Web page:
Citizens of Heaven
Just finished this tonight - quite good. Wright is controversial when it comes to justification, but fairly tame on the resurrection. His main point: the future hope that Scripture emphasizes is not life after death in heaven; it is life on earth, after life after death in heaven. The intermediate state when our souls are with Jesus are not the end goal, but a rest stop on the way to a renewed heaven and earth. Our present labor is not in vain, because it will be renewed on the new earth.
As usual, he accurately hits the flaws of liberalism (denying the physical resurrection) and fundamentalism (dividing reality into physical and spiritual). A bit disconcerting that he treats these as twin evils, when the former is far more deadly, but still helpful to sift through fundamentalist critiques.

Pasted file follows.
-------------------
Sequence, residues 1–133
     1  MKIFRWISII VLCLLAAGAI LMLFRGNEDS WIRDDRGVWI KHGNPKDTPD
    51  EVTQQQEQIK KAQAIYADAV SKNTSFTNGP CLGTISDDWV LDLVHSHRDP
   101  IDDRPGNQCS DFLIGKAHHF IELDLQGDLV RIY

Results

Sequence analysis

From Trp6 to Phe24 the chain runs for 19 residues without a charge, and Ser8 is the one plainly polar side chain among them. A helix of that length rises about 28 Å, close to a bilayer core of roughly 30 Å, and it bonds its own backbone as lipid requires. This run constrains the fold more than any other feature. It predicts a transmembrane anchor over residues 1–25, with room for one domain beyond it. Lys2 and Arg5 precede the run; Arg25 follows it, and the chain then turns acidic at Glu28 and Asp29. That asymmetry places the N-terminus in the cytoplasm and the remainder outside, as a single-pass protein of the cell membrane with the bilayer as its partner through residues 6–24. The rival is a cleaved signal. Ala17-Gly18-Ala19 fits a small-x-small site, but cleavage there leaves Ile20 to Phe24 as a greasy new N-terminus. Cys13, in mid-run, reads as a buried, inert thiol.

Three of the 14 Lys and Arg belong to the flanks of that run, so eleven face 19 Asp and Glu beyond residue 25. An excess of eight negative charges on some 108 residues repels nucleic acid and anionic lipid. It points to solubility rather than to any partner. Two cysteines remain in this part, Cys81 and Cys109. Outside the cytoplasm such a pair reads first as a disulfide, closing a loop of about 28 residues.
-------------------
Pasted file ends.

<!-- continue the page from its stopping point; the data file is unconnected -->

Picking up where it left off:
No time now to pull out the zingers on baptism, purgatory, and the like. One disappointing section taking the liberal view on 3rd world debt, but it only lasted about 5 pages.
One illustration of his really worked: when Paul says we are citizens of heaven, he isn't saying that it is our final destination. He was writing to Philippians, a Roman colony made of Roman citizens, who weren't living in Rome. Their purpose was to instill Roman culture in Philippi - to bring the roman worldview to Philippi. This is what a citizen does. In the same way, we are to bring the lifestyle and worldview of heaven to our world. It doesn't mean we can or should withdraw from the world, but that we are to engage and evangelize the world with heaven's way of life.